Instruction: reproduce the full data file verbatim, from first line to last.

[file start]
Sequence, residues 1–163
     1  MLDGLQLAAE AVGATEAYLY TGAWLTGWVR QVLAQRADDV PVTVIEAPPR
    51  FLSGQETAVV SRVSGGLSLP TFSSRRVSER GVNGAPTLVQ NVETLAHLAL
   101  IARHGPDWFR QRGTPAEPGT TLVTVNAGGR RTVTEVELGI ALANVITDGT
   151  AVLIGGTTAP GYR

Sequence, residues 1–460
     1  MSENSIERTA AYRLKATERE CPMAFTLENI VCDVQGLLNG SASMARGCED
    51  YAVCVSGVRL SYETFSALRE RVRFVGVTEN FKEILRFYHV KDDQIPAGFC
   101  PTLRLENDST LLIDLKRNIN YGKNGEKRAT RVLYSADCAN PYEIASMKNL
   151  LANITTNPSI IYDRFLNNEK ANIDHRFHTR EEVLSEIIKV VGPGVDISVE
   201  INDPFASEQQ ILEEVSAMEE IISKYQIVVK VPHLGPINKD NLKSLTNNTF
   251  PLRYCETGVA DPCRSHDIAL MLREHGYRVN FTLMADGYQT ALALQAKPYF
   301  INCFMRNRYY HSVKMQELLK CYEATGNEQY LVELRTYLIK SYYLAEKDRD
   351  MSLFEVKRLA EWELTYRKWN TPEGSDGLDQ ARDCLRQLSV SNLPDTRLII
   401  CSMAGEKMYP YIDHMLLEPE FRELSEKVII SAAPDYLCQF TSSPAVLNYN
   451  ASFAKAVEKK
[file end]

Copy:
Sequence, residues 1–163
     1  MLDGLQLAAE AVGATEAYLY TGAWLTGWVR QVLAQRADDV PVTVIEAPPR
    51  FLSGQETAVV SRVSGGLSLP TFSSRRVSER GVNGAPTLVQ NVETLAHLAL
   101  IARHGPDWFR QRGTPAEPGT TLVTVNAGGR RTVTEVELGI ALANVITDGT
   151  AVLIGGTTAP GYR

Sequence, residues 1–460
     1  MSENSIERTA AYRLKATERE CPMAFTLENI VCDVQGLLNG SASMARGCED
    51  YAVCVSGVRL SYETFSALRE RVRFVGVTEN FKEILRFYHV KDDQIPAGFC
   101  PTLRLENDST LLIDLKRNIN YGKNGEKRAT RVLYSADCAN PYEIASMKNL
   151  LANITTNPSI IYDRFLNNEK ANIDHRFHTR EEVLSEIIKV VGPGVDISVE
   201  INDPFASEQQ ILEEVSAMEE IISKYQIVVK VPHLGPINKD NLKSLTNNTF
   251  PLRYCETGVA DPCRSHDIAL MLREHGYRVN FTLMADGYQT ALALQAKPYF
   301  INCFMRNRYY HSVKMQELLK CYEATGNEQY LVELRTYLIK SYYLAEKDRD
   351  MSLFEVKRLA EWELTYRKWN TPEGSDGLDQ ARDCLRQLSV SNLPDTRLII
   401  CSMAGEKMYP YIDHMLLEPE FRELSEKVII SAAPDYLCQF TSSPAVLNYN
   451  ASFAKAVEKK